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Bodil K. Ehlers
Aarhus University
PollinationEcologyPopulationBotanyBiology
50Publications
19H-index
1,112Citations
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Publications 53
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#1Trine Grabau Jensen (AU: Aarhus University)
#2Martin Holmstrup (AU: Aarhus University)H-Index: 41
Last. Stine Slotsbo (AU: Aarhus University)H-Index: 11
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Abstract Volatile monoterpenes are emitted in large quantities to both air and soil by many plant species. While studies have addressed effects of monoterpenes on aboveground invertebrates, we have much poorer understanding of the possible effects of monoterpenes on soil invertebrates. Monoterpenes play a protective role in some plant species during heat and water stress, and therefore may provide similar protection against abiotic stress to soil invertebrates. The aim of the present study was t...
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#1Sara Tomiolo (AU: Aarhus University)
#2Claire Thomas (SupAgro)
Last. Bodil K. Ehlers (AU: Aarhus University)H-Index: 19
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Knowing which mechanisms drive the outcome of intraspecific interactions is highly relevant for understanding diversity maintenance. Plant species that exhibit strong genetic substructure over small spatial scales may be exposed to frequent interactions with closely related individuals. Predictions of how genetic similarity may drive the outcome of intraspecific interactions are based on two contrasting theories: the resource partitioning hypothesis and kin selection theory. The first predicts t...
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#1Bodil K. Ehlers (AU: Aarhus University)H-Index: 19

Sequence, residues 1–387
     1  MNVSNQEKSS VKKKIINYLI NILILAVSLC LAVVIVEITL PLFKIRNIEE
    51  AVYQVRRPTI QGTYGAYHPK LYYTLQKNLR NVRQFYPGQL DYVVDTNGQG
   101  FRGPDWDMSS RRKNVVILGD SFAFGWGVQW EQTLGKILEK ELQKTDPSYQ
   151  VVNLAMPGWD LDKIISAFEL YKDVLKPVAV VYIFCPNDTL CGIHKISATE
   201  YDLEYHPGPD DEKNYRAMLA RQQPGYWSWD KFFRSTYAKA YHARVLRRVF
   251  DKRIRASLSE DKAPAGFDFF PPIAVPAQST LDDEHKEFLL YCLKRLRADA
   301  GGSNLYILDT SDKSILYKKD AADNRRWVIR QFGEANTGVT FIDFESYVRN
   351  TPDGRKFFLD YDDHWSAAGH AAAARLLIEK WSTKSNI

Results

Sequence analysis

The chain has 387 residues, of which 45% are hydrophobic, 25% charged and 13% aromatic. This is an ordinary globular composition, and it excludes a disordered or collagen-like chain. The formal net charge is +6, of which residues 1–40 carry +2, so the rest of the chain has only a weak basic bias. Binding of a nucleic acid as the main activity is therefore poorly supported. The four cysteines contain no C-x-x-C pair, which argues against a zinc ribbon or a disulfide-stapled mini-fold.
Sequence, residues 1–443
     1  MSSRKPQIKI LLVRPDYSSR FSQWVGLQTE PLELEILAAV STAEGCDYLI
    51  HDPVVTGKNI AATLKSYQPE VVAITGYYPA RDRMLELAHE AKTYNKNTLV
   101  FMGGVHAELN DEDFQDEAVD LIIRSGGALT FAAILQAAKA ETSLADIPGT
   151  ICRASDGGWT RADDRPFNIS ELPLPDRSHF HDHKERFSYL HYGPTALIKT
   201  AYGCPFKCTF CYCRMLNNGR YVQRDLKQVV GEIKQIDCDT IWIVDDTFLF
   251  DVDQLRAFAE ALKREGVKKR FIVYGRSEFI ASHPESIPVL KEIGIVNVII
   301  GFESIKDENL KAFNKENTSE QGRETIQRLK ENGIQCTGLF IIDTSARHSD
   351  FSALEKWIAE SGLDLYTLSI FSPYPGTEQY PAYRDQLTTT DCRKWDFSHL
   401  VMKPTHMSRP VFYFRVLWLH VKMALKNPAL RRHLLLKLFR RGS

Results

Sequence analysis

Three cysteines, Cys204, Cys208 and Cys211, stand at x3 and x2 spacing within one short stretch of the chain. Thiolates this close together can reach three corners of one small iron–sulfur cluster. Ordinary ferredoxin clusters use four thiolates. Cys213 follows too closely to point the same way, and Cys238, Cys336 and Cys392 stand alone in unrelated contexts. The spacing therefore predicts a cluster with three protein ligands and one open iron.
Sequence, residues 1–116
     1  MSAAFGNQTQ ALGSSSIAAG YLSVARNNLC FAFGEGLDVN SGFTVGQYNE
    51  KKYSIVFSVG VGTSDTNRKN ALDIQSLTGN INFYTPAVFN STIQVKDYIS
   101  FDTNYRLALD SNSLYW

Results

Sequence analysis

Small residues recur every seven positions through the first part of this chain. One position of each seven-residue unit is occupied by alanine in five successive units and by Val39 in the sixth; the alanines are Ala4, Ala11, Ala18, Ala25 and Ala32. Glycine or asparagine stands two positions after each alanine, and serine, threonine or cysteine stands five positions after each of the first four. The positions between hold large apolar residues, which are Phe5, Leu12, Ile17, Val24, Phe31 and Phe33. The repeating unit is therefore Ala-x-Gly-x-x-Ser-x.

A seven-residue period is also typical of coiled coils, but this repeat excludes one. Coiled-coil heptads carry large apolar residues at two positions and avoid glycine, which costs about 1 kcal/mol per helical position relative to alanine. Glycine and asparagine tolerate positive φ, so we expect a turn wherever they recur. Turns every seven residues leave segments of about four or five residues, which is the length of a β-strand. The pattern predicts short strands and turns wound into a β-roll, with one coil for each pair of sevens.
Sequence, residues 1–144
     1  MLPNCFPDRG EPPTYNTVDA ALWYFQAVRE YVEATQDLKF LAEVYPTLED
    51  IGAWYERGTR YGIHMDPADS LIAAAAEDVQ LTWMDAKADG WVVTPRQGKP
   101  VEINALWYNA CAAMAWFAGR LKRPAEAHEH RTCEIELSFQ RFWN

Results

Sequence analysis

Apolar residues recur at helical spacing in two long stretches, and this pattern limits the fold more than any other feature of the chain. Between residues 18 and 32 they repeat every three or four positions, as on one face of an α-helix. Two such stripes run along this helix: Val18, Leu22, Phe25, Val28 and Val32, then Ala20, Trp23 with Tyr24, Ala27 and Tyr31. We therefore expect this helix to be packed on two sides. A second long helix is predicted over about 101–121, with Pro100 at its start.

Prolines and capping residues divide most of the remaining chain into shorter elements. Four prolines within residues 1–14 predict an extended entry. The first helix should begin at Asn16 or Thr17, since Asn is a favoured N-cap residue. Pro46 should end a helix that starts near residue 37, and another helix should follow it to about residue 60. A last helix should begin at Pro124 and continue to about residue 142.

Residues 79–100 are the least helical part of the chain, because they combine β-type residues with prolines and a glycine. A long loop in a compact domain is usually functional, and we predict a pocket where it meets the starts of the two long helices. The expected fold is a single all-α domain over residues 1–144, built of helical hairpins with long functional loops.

#2Trine Bilde (AU: Aarhus University)H-Index: 30
The findings that some plants alter their competitive phenotype in response to genetic relatedness of its conspecific neighbour (and presumed competitor) has spurred an increasing interest in plant kin‐interactions. This phenotypic response suggests the ability to assess the genetic relatedness of conspecific competitors, proposing kin selection as a process that can influence plant competitive interactions. Kin selection can favour restrained competitive growth towards kin, if the fitness loss ...
1 CitationsSource
#1Christian DamgaardH-Index: 36
#2Bettina NygaardH-Index: 12
Last. Bodil K. EhlersH-Index: 19
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QUESTIONS: The change in the frequencies of invasive higher plant species in different habitat types was investigated using Danish monitoring data from 2004 to 2014. LOCATION: Denmark. METHODS: The occurrence data were collected in circles with a radius of 5 m at a number of plots within 923 sites. The sampling intensity was irregular with sampling intervals ranging from one to three years. The hierarchical occurrence data were fitted in a hierarchical model, where the site‐specific occurrence p...
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#1Ana Foronda (CSIC: Spanish National Research Council)H-Index: 3
#2Bodil K. Ehlers (AU: Aarhus University)H-Index: 19
Last. Yolanda Pueyo (CSIC: Spanish National Research Council)H-Index: 18